Gov’t to introduce routine immunisation of children against Measles


Gov't to introduce routine immunisation of children against Measles

The Government plans to introduce routine immunization of children against measles and rubella starting January 2017 in a programme that will focus on children between the age of 9 months and 18 months.

This comes as Health Principal Secretary Dr. Nicholas Muraguri said the just concluded immunization programme on children between 9 months and 14 years of age achieved 100 percent coverage.

The just concluded immunization campaign was conducted for one and a half weeks, reaching 19 million children.

The campaign, however, faced resistance from a section of religious institutions – a situation that threatened the success of a plan to eliminate the two diseases by the year 2030.

According to the Ministry of Health, the exercise is the largest immunization event in history.

The nationwide exercise was being conducted across all government health centres and selected churches and schools.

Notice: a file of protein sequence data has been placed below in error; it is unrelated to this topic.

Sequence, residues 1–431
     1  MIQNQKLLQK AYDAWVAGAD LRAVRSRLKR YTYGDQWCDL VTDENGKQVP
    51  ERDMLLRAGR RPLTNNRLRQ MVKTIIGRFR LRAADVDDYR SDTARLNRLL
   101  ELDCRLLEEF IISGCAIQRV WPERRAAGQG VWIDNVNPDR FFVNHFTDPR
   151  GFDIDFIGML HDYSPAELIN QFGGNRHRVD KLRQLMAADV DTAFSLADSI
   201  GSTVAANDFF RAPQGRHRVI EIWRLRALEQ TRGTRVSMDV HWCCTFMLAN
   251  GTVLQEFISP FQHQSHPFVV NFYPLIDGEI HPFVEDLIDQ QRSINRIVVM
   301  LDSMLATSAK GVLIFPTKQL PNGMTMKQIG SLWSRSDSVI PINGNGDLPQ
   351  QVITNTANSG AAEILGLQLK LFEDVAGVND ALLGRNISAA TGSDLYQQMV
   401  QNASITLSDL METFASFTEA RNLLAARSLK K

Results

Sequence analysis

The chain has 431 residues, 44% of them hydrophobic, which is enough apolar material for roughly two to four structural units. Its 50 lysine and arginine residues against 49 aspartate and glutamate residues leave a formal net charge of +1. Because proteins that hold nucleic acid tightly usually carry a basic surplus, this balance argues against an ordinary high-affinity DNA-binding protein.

The campaign was a prerequisite for the introduction of the measles and rubella, MR vaccine into routine immunisation, which will take place early next year.

Last year, a similar campaign was marred by controversy after the Catholic Church issued a warning to its members not to get the tetanus jab, implying that it had adverse side effects including sterilization.

The Ministry of Health denied the allegations, declaring the jab safe.

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Maureen Murimi
Story By Maureen Murimi
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